WHAT'S ON MY TRAILER: Give Me Some Power!

Georgia contractor Greg Parker talks about how he's jumped up a mower deck size, resisted the temptation to downsize his leaf blower, along with other tricks of the trade he's learned.

Greg Parker, president of Parker Landscape Management (PLM) in Gray, GA
Greg Parker, president of Parker Landscape Management (PLM) in Gray, GA

The abnormally high amount of rain Georgia has received this year has caused some headaches for commercial lawn maintenance contractors like Greg Parker, president of Parker Landscape Management (PLM) in Gray, GA. Scheduling has been a lot harder than usual. And the extra cleanup time needed on seemingly each and every property is pinching profits.

"Our weekly properties haven't been too bad, but the biweekly sites have required a lot more work," Parker relates. "We're spending more time on each job, so our man-hours are definitely running over." Nonetheless, PLM is having a record-setting year. "Although the rain has been difficult to manage, sales are up 38% and profit is at 12% so far this year, and 2013 will be the best year PLM has ever had," Parker adds.

Parker simply tries to control what he can. The equipment he puts on jobs is a great example. Some recent choices have proven to be smart ones this season as crews have been beaten, battered and pushed to the brink.

Bigger mower decks

Parker has used Exmark riding mowers for years. He doesn't use push mowers any longer. "Our business base has always been residential, but we're trying to grow our commercial more," Parker says. "So in the past we've always used 48- and 52-inch decks. For this season we bought a new zero-turn with a 60-inch deck for our larger commercial accounts. The extra cut width and horsepower have really paid off. Then we phased out our 48-inch mower and now use our 52, which has helped our production rates on the residential side."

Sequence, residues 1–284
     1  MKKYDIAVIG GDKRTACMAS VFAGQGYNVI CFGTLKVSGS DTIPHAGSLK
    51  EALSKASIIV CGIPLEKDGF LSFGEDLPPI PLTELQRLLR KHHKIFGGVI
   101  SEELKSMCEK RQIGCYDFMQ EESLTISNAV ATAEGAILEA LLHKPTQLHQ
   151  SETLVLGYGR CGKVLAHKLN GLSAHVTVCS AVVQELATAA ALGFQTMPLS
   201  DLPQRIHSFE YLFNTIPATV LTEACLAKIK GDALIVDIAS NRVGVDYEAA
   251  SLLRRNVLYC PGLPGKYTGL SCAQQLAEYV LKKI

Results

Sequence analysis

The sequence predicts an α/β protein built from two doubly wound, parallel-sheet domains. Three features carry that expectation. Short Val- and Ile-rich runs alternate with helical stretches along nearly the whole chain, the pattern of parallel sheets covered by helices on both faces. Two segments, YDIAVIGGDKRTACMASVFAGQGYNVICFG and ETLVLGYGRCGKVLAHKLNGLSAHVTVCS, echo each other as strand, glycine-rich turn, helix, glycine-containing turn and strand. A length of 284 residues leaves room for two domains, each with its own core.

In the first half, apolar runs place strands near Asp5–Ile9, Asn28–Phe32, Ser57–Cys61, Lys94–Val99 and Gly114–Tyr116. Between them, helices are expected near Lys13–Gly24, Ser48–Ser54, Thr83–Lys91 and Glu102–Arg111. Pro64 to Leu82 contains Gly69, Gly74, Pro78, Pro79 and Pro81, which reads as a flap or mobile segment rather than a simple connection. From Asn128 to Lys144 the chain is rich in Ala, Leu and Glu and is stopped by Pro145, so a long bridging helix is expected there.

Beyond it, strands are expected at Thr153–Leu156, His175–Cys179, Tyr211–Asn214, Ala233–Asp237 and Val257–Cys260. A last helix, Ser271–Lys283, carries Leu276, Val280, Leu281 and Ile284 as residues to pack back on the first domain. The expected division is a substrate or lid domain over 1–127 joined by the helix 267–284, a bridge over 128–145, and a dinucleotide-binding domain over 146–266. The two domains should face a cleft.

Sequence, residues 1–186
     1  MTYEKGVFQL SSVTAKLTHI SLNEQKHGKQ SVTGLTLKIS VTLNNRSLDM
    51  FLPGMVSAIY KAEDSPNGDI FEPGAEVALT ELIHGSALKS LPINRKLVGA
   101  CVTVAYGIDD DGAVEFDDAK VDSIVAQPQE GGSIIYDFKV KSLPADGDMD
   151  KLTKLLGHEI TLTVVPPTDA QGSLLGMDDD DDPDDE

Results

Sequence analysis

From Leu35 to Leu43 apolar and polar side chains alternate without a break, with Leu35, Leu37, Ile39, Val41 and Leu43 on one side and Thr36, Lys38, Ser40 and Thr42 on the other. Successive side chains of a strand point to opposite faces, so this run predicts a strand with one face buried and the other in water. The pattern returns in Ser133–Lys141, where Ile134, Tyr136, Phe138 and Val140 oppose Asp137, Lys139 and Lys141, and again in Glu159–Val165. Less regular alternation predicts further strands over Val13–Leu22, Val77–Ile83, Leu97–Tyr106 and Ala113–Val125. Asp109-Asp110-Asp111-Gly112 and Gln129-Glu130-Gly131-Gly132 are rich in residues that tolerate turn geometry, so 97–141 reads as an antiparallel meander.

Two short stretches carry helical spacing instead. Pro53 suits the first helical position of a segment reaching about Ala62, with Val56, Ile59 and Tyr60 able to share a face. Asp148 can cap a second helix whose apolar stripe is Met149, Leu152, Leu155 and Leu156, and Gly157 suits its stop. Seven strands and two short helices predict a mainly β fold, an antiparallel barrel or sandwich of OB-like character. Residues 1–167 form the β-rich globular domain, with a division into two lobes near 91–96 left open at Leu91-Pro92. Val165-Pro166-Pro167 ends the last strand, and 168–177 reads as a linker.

Additionally, Parker sees no need for a more compact zero-turn rider—as might be necessary in certain residential settings where you have to get through a narrow gate to access a back yard. "If I can't fit my 52-inch riding mower through a gate, we just don't take that account," Parker explains.

The new 60-inch mower has a Kohler EFI engine. "I haven't been able to do a comprehensive analysis yet, but it does seem like we're getting a few more hours out of a tank of gas," Parker says. Kohler field data suggests that you can reduce fuel consumption by 25%, generally, when switching to a comparably sized EFI (electronic fuel injection) engine.

Powerful backpack blowers

"We run nothing but Stihl BR 600 backpack blowers," Parker says. "Some contractors in our area have been cutting back, but I find it beneficial to have a bigger, stronger blower." The BR 600 produces a 201-mph air velocity and 712-cfm air volume (with tube). "If all of your properties are weekly, you might not need as much power. But in my case, since we have a lot of biweekly accounts, we need more power. We also have a one-time major cleanup that requires a bigger blower, along with our fall leaf cleanups. So it makes sense for us to go with really powerful backpack blowers," Parker adds.

Lightweight trimmers

When it comes to string trimmers, Parker feels like he's found a hidden gem. "We use Stihl 100 models," he points out. "A lot of guys use either the 90 or the 110. But I like the 100 because it's a pound or two lighter, yet still has a stronger engine (31.4cc). That slight weight difference is huge when your guys are running trimmers eight hours a day. One drawback is that you can't swap out the head and put a steel blade on it. But my crews are just cutting grass, so we don't even want a steel blade. Weight is the main thing."

Saving time refueling

All PLM crews operate out of box trucks, one of which is a Super Lawn Truck. Among the SLT's unique features is its on-board fueling system. "This has been a huge benefit for us," Parker tells. "Before this, we were using 5-gallon cans. You'd end up spilling more than ended up in the trimmer. We also had to fill the cans up a couple times a day. Our Super Lawn Truck has a 14-gallon mix tank and a 40-gallon tank for straight gas. A crew can go almost two days before the tanks have to be re-filled."